I think it’d be interesting to see the rules regarding the control systems and electronics open up a bit more and reflect the change that was made to hardware limitations several years ago.

Effectively, I think there ought to be something for control systems that’s analogous to the kitbot – a sanctioned, provided system that accomplishes the most basic tasks. However, teams should be allowed to use alternative systems at their discretion, provided it meets certain requirements that ensure it will function with field control hardware and software. There’s no reason why, as with many other things, we shouldn’t be given enough rope to hang ourselves by.

(In reality, I don’t care. I think the GDC should force us to use steam engines, but the electrically-inclined folks on my team might stop whining if they’re given more to work with.)

I would suggest in improvement is sensors, especially the gyro. In aim high we had some trouble with it, as it restarted its values tozero every time it the robot hit something, or justt bumped. I believe adding some sort of an anti-shock system to the sensors will solve this.

More ideas:
*possability for 2 CMUcam on a robot, ofcourse if it could help the game. (one camera tracking two lights isn’t always that good).
*A camera that transports image to the driver.
*Omni wheels included in kit (or cheeper to be ordered).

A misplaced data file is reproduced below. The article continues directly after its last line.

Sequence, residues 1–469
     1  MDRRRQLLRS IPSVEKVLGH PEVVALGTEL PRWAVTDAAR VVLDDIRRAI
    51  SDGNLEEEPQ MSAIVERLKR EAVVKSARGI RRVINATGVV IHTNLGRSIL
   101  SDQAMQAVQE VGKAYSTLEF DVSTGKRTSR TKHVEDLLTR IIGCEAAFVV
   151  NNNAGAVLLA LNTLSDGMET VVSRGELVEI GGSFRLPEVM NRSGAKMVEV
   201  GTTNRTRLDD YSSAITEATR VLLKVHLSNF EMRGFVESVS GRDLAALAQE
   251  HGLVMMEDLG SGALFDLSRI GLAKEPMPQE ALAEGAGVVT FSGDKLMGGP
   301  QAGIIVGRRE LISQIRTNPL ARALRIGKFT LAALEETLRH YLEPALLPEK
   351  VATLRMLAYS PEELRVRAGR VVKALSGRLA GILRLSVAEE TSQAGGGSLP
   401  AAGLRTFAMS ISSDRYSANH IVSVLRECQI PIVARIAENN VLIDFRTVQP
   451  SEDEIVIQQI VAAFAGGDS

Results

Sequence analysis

*A cahnge in the custom chasis provided, or more aluminum profiles included in the kit, so we have sevral options of designing the cahsis, withot having to find out-of-kit parts.
*USB-chicklet included in kit of parts.

One thing I’d love to see in the manual: allow some media equipment to be attached to robots at the discretion of the lead inspector or FTA (or someone else, if the GDC feels it appropriate), even if it falls outside the regular bounds of the rules.

The production crew or FIRST-badged media would work with a team and the aforementioned authorities to mount the equipment in a manner that is safe, functional, and doesn’t impart any particular competitive advantage. Wireless cameras would still require FIRST Engineering’s approval.

I’d be inclined to allow such mounting outside of the weight limit, as I doubt anyone could mount anything bigger than a Mini DV camera to the satisfaction of everyone (and those things weigh little compared to batteries and bumpers), but feel free to change that if it actually makes more of a difference than I think it does. In any event, I’d argue that the value of getting footage that excites TV viewers or the folks at the events outweighs the fact that the zoom on the camera uses a non-kit motor.

Okay, double post I know (but I can’t edit the last one).

One more request on the new control system: screw terminals. I forgot about it until seeing an 2004-vintage picture of the RC of that era–but I now vividly remember having to yank everything off our RC to let the IFI rep at Palmetto re-solder the spade connector. (Tom is the man.)

Granted, screws can come loose–but they’re more easily replaced than a spade connector as it is.

  1. I liked the arena cameras from AIM High that counted the balls as they went through the lower goals. Maybe for 2008 we could have game peices that were scored this same way, or maybe through RFID.
  2. Using the CMU camera having the robot score a particular color game peice during autonomous for a bonus, where the color is sent to the robot from the compition port at the start of the round.
  3. Ultrasonic distance sensors would be nice to measure distances to a goal or other objects in the arena.